The sudden killings of six American service members on a foot patrol by a suicide bomber this week is a graphic message back home that the Taliban are durable, able to launch a number of coordinated attacks in recent months across Afghanistan 14 years after the U.S. invasion.

A Pentagon report calls the security situation “fragile” and writes of the Taliban’s “resilience throughout the second half of the year.”

The security picture seems to be more precarious now than in recent years. The Taliban are targeting Afghan National Defense and Security Forces (ANDSF) units that are working without any American direct ground combat role and only sporadic air power.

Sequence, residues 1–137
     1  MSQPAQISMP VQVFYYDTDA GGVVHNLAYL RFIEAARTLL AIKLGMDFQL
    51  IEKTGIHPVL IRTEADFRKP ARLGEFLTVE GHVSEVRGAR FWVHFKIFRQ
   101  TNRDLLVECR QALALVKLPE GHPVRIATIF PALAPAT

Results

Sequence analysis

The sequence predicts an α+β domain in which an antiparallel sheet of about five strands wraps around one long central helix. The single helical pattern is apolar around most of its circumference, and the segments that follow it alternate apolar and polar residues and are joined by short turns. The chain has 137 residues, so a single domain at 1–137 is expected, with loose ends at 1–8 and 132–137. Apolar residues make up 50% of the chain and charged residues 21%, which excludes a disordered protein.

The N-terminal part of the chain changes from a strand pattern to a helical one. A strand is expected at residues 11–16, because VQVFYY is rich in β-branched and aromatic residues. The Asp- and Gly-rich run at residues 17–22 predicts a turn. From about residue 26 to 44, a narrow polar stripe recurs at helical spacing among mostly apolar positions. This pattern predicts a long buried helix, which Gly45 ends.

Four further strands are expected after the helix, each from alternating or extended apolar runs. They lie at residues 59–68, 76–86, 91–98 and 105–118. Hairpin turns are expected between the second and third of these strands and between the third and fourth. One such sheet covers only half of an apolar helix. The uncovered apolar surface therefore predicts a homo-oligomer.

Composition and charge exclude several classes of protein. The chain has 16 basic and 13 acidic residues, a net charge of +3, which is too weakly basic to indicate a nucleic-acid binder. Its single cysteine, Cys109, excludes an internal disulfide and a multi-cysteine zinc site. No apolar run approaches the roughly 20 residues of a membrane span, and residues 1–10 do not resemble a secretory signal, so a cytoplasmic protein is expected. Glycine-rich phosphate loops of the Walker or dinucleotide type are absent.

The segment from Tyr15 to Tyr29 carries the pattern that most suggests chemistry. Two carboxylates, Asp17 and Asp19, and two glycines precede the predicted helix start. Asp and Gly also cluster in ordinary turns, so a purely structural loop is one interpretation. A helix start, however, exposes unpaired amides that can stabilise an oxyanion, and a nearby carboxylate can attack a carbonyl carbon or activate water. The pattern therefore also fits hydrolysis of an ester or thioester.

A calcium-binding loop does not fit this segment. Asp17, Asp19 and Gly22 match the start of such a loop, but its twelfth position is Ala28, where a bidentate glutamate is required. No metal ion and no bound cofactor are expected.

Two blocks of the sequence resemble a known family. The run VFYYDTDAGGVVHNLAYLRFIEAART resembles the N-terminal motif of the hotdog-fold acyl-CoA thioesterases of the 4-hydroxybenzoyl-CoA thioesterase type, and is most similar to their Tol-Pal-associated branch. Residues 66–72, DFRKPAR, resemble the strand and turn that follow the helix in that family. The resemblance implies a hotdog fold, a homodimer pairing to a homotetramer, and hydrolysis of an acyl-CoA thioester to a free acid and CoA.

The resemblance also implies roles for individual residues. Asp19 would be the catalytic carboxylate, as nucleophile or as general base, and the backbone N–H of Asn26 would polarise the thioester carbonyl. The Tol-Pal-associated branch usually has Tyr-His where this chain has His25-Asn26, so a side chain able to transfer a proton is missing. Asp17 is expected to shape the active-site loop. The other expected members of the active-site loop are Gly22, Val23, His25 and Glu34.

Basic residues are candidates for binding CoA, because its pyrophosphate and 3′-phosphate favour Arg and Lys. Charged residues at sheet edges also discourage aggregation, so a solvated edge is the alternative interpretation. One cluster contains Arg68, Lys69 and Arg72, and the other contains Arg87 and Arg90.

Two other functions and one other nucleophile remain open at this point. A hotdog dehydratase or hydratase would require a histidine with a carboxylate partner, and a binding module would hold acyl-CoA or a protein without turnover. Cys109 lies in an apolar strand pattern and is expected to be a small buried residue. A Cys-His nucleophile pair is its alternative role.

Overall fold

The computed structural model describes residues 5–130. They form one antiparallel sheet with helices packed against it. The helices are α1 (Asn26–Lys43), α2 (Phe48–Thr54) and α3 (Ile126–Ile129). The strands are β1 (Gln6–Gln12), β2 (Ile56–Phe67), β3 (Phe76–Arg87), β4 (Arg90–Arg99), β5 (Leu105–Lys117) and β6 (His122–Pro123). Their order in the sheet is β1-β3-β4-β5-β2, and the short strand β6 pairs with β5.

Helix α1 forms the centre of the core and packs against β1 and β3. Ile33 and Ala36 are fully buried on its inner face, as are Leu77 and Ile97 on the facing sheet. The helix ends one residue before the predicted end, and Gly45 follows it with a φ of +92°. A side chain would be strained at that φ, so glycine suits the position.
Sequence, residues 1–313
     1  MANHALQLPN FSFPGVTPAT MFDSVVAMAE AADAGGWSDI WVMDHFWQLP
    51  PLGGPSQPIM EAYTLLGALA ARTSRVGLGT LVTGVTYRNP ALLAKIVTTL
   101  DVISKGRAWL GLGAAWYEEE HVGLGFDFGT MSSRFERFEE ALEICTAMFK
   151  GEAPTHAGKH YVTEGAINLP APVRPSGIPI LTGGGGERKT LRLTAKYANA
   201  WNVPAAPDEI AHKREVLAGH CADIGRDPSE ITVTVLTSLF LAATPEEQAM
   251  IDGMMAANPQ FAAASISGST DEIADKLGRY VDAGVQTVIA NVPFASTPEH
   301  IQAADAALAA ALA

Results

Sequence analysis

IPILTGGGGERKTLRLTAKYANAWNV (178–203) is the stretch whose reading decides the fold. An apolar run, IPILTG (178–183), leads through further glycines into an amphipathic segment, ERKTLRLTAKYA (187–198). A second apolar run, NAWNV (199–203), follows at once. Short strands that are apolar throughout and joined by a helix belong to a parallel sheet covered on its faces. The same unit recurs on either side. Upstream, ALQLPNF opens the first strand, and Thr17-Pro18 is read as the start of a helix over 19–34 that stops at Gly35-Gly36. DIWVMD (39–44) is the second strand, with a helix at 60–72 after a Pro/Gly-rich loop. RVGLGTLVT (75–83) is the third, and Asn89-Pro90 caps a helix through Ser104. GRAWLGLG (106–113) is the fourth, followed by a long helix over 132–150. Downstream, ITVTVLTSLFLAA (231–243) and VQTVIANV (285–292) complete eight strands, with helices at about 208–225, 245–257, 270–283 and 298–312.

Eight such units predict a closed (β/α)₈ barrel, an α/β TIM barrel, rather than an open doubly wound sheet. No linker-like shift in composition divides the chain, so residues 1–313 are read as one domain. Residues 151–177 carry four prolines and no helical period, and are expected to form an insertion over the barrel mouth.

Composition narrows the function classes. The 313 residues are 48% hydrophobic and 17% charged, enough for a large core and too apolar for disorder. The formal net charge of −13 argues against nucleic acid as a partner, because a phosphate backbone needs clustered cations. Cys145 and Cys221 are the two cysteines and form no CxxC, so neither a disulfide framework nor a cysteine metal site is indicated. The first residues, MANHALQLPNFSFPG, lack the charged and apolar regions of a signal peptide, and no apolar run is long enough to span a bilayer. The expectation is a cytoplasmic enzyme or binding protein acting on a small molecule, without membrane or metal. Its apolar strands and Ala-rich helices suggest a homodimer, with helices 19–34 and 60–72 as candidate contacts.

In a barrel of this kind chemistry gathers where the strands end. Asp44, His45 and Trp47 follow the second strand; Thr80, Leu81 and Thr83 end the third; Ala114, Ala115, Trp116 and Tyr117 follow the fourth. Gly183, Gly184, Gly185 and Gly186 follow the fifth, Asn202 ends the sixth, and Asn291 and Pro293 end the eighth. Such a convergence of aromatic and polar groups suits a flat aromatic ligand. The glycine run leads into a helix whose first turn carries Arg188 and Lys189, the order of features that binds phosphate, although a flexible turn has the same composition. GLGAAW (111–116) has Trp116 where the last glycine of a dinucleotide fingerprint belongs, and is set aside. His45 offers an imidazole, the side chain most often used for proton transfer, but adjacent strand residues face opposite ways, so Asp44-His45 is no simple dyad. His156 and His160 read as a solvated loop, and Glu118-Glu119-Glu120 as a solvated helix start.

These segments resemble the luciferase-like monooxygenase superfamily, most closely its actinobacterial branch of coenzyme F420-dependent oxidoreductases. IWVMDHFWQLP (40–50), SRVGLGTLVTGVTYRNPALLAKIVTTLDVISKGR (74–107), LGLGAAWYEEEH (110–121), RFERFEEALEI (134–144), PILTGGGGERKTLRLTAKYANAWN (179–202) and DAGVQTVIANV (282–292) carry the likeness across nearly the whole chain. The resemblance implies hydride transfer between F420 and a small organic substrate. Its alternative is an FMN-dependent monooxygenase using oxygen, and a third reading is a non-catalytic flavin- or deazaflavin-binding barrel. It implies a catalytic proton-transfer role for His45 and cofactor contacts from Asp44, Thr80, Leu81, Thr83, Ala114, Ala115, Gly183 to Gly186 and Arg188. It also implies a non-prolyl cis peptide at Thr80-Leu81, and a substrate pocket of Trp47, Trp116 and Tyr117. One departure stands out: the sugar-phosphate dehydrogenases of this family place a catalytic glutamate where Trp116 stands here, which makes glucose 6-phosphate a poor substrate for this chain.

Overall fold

The U.S. has 9,800 troops in the country, mostly in the east and in and around Bagram airfield north of Kabul, strictly in a train-and-assist role. Afghans take the lead on all combat missions.

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